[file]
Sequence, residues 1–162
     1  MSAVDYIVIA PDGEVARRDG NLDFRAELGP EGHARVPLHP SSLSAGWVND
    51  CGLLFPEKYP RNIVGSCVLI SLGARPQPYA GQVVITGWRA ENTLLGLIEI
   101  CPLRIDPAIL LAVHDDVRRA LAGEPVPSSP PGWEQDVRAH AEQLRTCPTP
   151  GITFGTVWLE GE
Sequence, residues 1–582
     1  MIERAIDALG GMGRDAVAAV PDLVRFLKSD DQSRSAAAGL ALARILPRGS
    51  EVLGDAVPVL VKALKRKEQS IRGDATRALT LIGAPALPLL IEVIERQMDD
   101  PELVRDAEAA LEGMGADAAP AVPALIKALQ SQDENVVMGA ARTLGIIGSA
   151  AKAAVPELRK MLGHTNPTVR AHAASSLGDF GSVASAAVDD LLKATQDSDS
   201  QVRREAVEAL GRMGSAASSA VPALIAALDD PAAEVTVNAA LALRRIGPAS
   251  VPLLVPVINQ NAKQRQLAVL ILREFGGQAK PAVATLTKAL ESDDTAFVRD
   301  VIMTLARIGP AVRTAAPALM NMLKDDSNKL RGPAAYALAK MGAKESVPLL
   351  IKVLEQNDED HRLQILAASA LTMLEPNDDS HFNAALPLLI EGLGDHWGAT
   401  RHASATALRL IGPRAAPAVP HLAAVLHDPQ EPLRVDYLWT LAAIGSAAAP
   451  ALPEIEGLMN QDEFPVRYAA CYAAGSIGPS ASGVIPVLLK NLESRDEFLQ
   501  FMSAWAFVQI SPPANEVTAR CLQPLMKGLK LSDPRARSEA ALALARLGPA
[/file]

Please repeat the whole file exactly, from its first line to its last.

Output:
Sequence, residues 1–162
     1  MSAVDYIVIA PDGEVARRDG NLDFRAELGP EGHARVPLHP SSLSAGWVND
    51  CGLLFPEKYP RNIVGSCVLI SLGARPQPYA GQVVITGWRA ENTLLGLIEI
   101  CPLRIDPAIL LAVHDDVRRA LAGEPVPSSP PGWEQDVRAH AEQLRTCPTP
   151  GITFGTVWLE GE
Sequence, residues 1–582
     1  MIERAIDALG GMGRDAVAAV PDLVRFLKSD DQSRSAAAGL ALARILPRGS
    51  EVLGDAVPVL VKALKRKEQS IRGDATRALT LIGAPALPLL IEVIERQMDD
   101  PELVRDAEAA LEGMGADAAP AVPALIKALQ SQDENVVMGA ARTLGIIGSA
   151  AKAAVPELRK MLGHTNPTVR AHAASSLGDF GSVASAAVDD LLKATQDSDS
   201  QVRREAVEAL GRMGSAASSA VPALIAALDD PAAEVTVNAA LALRRIGPAS
   251  VPLLVPVINQ NAKQRQLAVL ILREFGGQAK PAVATLTKAL ESDDTAFVRD
   301  VIMTLARIGP AVRTAAPALM NMLKDDSNKL RGPAAYALAK MGAKESVPLL
   351  IKVLEQNDED HRLQILAASA LTMLEPNDDS HFNAALPLLI EGLGDHWGAT
   401  RHASATALRL IGPRAAPAVP HLAAVLHDPQ EPLRVDYLWT LAAIGSAAAP
   451  ALPEIEGLMN QDEFPVRYAA CYAAGSIGPS ASGVIPVLLK NLESRDEFLQ
   501  FMSAWAFVQI SPPANEVTAR CLQPLMKGLK LSDPRARSEA ALALARLGPA